It is because the majority of actors in main roles for this film never did more than one or two movies after Killing Birds. In fact, Watts (who plays the protagonist Steve), never did another film after this one. For this, we can be thankful. Too much of the film is spent on Steve in a vain attempt to set up a love triangle between his vapid stare, his girlfriend, and the student journalist Anne (Lara Wendel). I don't think I could stand to see Watts literally sweat his way through another film, delivering lines under the pressure of making them sound like they were uttered by a human being. I guess there is some justice in the world after all. But not bird justice. Bird justice still sucks.

Anyways, it turns out that one of the last people to see the bird they seek is Dr. Brown, who is none other than the blinded Vietnam vet (played by Vaughn)! Now, I'm not one to laugh at the visually impaired, but the look on Vaughn's when we first see him is pants-shittingly funny.




Was Vaughn trying to be scary or trying to see his own forehead?


Hey, remember that baby he stole? I wonder where that ended up. There's no mention made of it. Oh well, I'm sure that plot point will come up later. Probably will be a big part of the plot. I bet we'll get a very satisfying explanation that enriches the themes of the film. Mmm-hmm.

Dr. Brown sends them out with a map, and the whole movie starts to implode. Somehow the students get lost in the swamp, stumble upon a run-down old house, and are soon attacked by actors in mummy wrappings and Toxic Avenger masks. There are obvious clues that the house where they are attacked is the same house the Vet killed his wife (although that would have to mean that in two decades that passed the swamp had to completely obliterate all the houses and roads we saw in the opening of the film). So, are the zombies the returned dead of his victims? What did he ever do with their bodies? The students find a corpse in a truck, but that's never really explained. Is it one of the zombies? Why are they killing the kids? And why are there so many stock footage shots of birds?

Ask, and you shan't receive. This movie has no answers. It has students being picked off one-by-one by either the zombies or stupid accidents. The only decent kill comes right out of a high school shop class safety video. One guy gets a dangling chain/watch/compass thing stuck in the moving gears of a generator and is choked to death as his friend watches (making no attempt to turn off the machine) as the necklace chain cuts into the guy's throat. Except for one head stabbing and a head smashing, everyone else in this movie is killed with very poorly represented throat wounds. This movie seems to actually reuse the same slashed neck application. Since there is so much violence against necks and throats in this film, perhaps another more informative title for this film could have been Zombie 5: Killing Necks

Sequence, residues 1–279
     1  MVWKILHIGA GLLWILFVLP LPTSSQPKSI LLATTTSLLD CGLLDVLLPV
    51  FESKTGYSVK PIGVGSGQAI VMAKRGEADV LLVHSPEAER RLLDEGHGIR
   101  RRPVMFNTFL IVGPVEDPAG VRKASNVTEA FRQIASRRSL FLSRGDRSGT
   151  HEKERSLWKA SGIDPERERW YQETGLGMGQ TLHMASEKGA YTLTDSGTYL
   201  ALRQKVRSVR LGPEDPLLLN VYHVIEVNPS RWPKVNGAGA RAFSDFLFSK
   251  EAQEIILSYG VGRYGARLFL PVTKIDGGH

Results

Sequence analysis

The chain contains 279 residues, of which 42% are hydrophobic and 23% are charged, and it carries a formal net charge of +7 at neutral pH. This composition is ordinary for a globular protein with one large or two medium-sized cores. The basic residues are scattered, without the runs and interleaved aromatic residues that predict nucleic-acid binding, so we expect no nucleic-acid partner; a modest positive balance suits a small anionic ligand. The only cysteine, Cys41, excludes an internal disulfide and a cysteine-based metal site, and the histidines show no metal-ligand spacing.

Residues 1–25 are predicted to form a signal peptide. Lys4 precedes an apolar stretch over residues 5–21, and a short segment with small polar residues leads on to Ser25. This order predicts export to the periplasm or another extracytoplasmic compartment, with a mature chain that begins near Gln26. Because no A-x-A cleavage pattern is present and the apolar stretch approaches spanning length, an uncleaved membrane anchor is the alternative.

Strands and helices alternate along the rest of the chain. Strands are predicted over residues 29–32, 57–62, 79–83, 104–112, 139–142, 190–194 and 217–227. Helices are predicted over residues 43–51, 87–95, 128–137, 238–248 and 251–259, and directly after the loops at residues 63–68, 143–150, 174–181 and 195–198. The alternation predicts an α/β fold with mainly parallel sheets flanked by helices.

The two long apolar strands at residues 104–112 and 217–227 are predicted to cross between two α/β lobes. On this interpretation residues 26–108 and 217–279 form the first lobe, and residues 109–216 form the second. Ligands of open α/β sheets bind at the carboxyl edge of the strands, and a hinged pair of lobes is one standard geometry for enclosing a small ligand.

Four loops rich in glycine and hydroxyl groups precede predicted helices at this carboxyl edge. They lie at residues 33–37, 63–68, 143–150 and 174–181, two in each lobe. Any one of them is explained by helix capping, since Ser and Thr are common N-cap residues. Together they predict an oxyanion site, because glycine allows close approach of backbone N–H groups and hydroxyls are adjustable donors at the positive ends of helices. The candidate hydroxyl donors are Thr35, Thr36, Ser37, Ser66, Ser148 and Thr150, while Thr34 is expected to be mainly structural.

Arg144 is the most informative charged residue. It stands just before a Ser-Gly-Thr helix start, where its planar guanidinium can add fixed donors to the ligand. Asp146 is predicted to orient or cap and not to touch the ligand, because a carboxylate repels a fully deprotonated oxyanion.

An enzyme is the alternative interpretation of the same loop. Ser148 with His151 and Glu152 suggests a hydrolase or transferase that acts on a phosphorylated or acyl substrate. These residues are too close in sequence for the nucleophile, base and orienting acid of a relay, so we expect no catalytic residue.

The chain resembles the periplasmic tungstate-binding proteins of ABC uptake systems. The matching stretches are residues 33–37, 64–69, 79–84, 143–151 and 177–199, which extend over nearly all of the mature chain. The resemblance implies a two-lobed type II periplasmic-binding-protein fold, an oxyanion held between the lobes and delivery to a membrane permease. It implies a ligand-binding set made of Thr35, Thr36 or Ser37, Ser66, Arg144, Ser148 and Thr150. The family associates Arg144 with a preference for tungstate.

Again, we must ask why are these kids being hunted and killed by zombies that burst through the walls like the Kool-Aid man. At the last second, Robert Vaugan's Dr. Brown arrives on the scene to clear up all our doubts about the film's incompetent narrative. Take it away!

Dr. Brown: “There's no need to be afraid. You are out of danger. It's me they want. They feed on fear. It animates them; it gives them strength. It was fear that killed your friends. They hold no power on me. How can you be afraid when you live in eternal darkness? The real darkness is inside of me. It is me.”

Anne: “You are Steve's father.”

Dr. Brown: “I'm here now. And they shall have their revenge.”


Steve and Anne run outside. Dr. Brown screams from off camera. Movie ends. Credits roll.

Bwhuh? That just raises further questions! I think I have a picture on my computer that sums up my feelings right about now



Let's just concede that except for some pretty kickass box art and camera work that is competently shot, Zombie 5: Killing Birds is otherwise a 90 minute waste of time. Avoid it at all costs!

Because I was unable to locate a copy of Zombie Holocaust to review for tomorrow, on Friday I will review Dellamorte Dellamore (1994) directed by Michele Soavi and starring Rupert Everett.